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President Tsai presides over 17th meeting of Presidential Office Indigenous Historical Justice and Transitional Justice Committee
President Tsai presides over 17th meeting of Presidential Office Indigenous Historical Justice and Transitional Justice Committee

On March 3, President Tsai Ing-wen convened and presided over the 17th meeting of the Presidential Office Indigenous Historical Justice and Transitional Justice Committee, accompanied by Vice President Lai Ching-te.

In her opening remarks, President Tsai stated that this was the committee's first meeting of the year, where they would continue to discuss important issues regarding indigenous peoples. The president also mentioned that everyone has been paying close attention to progress in the promotion of self-government for indigenous peoples, an issue that the committee convened a special meeting to discuss two months ago.

President Tsai said that self-governance had long been a core goal of their forbears in the indigenous peoples movement. The president stated that thanks to the joint efforts of the government and indigenous peoples in recent years, organizations formed by various indigenous groups have been participating in the co-management of mountain forest resources, the development of education programs for indigenous peoples, the revitalization of indigenous languages, as well as elder care and industrial development, all of which are concrete proof that indigenous peoples are making progress in substantive self-governance.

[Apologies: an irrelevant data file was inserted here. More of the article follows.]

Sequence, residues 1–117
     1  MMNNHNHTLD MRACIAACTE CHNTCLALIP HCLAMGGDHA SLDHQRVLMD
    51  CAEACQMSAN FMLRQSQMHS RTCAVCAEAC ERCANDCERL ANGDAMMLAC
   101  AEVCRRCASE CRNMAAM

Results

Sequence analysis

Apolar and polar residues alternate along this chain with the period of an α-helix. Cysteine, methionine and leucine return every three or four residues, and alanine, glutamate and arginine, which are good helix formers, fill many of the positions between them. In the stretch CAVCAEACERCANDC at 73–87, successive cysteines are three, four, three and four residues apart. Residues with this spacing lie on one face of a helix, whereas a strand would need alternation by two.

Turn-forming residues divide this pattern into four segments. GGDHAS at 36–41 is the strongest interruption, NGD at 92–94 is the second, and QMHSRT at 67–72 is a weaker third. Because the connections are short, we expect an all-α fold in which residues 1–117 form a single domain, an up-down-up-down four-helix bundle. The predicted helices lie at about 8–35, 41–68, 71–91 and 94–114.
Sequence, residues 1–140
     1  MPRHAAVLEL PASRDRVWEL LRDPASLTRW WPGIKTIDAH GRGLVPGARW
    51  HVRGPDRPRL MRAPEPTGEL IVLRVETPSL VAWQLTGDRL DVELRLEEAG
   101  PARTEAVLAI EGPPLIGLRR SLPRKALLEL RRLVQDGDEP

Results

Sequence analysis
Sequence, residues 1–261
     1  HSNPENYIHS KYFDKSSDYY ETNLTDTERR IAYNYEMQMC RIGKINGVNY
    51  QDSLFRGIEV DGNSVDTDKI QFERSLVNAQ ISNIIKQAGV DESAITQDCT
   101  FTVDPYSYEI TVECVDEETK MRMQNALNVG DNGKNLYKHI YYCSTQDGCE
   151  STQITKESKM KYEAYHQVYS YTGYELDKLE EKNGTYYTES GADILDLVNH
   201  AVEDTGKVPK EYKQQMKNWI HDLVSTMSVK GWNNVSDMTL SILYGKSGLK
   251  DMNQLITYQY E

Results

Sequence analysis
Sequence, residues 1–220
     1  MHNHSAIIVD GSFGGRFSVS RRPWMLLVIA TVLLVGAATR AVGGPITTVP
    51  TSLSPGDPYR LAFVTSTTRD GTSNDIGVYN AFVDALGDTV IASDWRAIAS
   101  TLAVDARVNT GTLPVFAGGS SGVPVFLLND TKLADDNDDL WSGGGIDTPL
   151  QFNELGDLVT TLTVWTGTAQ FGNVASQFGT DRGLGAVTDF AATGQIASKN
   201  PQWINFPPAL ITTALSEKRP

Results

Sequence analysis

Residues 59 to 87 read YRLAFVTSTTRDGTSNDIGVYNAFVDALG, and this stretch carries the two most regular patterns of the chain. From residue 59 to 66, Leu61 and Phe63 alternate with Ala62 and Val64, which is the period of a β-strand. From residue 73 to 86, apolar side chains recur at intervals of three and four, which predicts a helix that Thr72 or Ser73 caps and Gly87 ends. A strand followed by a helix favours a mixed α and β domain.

President Tsai said that the government has sent legislation promoting self-governance for indigenous peoples to the Legislative Yuan for deliberation on five separate occasions, but it has yet to pass. The president added that the problem clearly lies not in the legislation itself, but in forging a consensus about such self-governance, so we should now focus on that task.

President Tsai noted that she issued a directive at the very first committee meeting: the fundamental elements of indigenous self-government include a clearly defined spatial scope, defined self-government powers, and fixed financial resources; the organizational structure of indigenous governments must be determined through equal-status and substantive negotiations between the indigenous peoples and the national government. 

President Tsai emphasized that in addition to continuing to promote self-governance legislation, the Council of Indigenous Peoples has also launched a plan which will finance indigenous peoples' representatives to the committee to bring together indigenous peoples and draft a self-governance blueprint. The president stated that after a clear consensus is reached, we will follow up on the results of their discussions by implementing policies aimed at self-government for indigenous peoples.

President Tsai also expressed hope that based on these foundations, after today's meeting committee members can further exchange ideas, so that discussions about self-government for indigenous peoples can take the next step forward. 

The president went on to state that during today's meeting, they will hear the 2021 annual work reports from subcommittees, as well as a report on land cases of concern to committee members. Although the agenda is packed, President Tsai said that their work has achieved solid results, their direction is clear, and that the committee will continue its efforts.

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